Statement after social media firm moves HC on new rules
WhatsApp on Tuesday filed a legal challenge against the Indian government, protesting new IT rules before the Delhi High Court
The government, in response to WhatsApp moving the Delhi High Court against new rules that would require it to break end-to-end encryption, said that it respects the Right to Privacy and has no intention to violate it. At the same time, it said compliance requirement is necessary for public interest and identifying the first originator of messages leading to crimes.
Ravi Shankar Prasad, Union minister for Electronics, IT and law, in a statement stressed that according to all established judicial dictum, no fundamental right, including the right to privacy, is absolute and it is subject to reasonable restrictions.
“It is very important to note that such an order to trace the first originator, under Rule 4(2) of the said guidelines, shall be passed only for the purposes of prevention, investigation, punishment, etc of inter alia an offence relating to sovereignty, integrity and security of India and public order incitement to an offence relating to rape, sexually explicit material, or child sexual abuse material punishable with imprisonment for not less than five years,” the Ministry of Electronics and Information Technology (MeitY) said in a statement on Wednesday.
While defending the new rules, the government asked social media companies to report their status on compliance with the new rules, which kicked in from Wednesday.
On Tuesday evening, WhatsApp moved the Delhi High Court, and said the new IT rules that would require messaging services providers to “trace” the origin of particular messages would undermine the privacy of individuals.
Under the recently notified Information Technology (Intermediary Guidelines and Digital Media Ethics Code) Rules, 2021, Section 4(2) requires that social media intermediaries with more than five million users and providing messaging services enable identification of the first originator of problematic content that may harm the country’s interests and several other provisions described in the Rules.
The social media intermediary will have to do this in response to a judicial order passed by a court or by a competent authority under Section 69 of the IT Act.
The minister however said “none of the measures proposed by India will impact the normal functioning of WhatsApp in any manner whatsoever, and for the common users, there will be no impact.”
The rule to trace the first originator of information, according to the ministry, is mandatory for every significant social media intermediary, irrespective of the method of operation.
“The entire debate on whether encryption would be maintained or not is misplaced. Whether Right to Privacy is ensured through using encryption technology or some other technology is entirely the purview of the social media intermediary. It is WhatsApp’s responsibility to find a technical solution, whether through encryption or otherwise, that both happen,” Prasad said.
In its petition, WhatsApp argued that the new rules would require WhatsApp to build the ability to identify the first originator of every communication sent in India on its platform, as there is no way to predict which message will be the subject of such an order seeking first originator information.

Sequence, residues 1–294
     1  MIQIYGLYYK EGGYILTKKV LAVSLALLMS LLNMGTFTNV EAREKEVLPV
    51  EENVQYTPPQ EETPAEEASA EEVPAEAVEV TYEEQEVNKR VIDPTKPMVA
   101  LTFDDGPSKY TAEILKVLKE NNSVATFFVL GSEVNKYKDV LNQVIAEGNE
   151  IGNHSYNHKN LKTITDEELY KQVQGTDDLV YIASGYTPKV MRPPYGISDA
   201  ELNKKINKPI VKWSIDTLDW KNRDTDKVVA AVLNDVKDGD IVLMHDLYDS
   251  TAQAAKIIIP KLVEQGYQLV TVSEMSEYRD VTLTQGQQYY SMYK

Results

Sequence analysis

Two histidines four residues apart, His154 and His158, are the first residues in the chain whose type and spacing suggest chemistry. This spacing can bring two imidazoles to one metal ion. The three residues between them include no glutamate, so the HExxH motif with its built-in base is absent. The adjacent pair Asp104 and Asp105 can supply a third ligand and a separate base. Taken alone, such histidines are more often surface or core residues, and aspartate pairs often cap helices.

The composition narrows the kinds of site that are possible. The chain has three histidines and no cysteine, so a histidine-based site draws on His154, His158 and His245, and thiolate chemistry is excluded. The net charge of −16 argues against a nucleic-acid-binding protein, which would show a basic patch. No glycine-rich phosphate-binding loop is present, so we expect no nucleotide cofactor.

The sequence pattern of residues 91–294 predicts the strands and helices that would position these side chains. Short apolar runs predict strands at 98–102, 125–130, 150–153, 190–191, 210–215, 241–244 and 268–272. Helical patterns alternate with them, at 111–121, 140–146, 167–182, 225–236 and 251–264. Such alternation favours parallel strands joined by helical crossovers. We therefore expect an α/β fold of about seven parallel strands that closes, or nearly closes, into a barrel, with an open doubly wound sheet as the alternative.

WhatsApp further said in its petition that according to the existing law, to justify an intrusion into the fundamental right of privacy, the three requirements of legality, need — defined in terms of a legitimate State aim — and proportionality must be met.
The ministry, on the other hand, said the government is not enacting these rules in isolation and they have bglobal precedence. The governments of the UK, the US, Australia, New Zealand, and Canada, too, have stated that technology companies must give access to the data in a readable and usable format. “What India is asking for is significantly much less than what some of the other countries have demanded,” the statement read.
WhatsApp has filed a similar case in the Brazilian apex court.
A test of the right of privacy laws
Many legal experts believe this will test India’s right to privacy laws and have argued that the traceability provision is unconstitutional in part because of a 2017 Supreme Court decision that held people have a fundamental right to privacy.
“In a Parliamentary system like in India, it is Parliament that makes law. This law is called primary legislation, like the Information Technology Act, 2000. This contains broad outlines and principles that make the law on the subject. Then, Parliament delegates secondary or subordinate legislation to the Executive. The Executive came up with the Information Technology (Guidelines for Intermediaries and Digital Media Ethics Code) Rules, 2021. This secondary legislation needs to be within the aegis of the primary law — the IT Act. There is much debate that it isn’t, and thus the potential for challenge,” said Sajai Singh, partner, J Sagar Associates.
Many argued who would decide the need to find the original sender of a message. “The only point of contention, therefore, is when and how, and at what point of time, is the first originator to be identified? The point at which the government asks WhatsApp through a legal notice (as said in the rule), or is it at the point when the person sends the message? That becomes the crux of the issue. There is no clarity on this aspect in the impugned Rules,” said N S Nappinai, advocate, Supreme Court & founder-Cyber Saathi.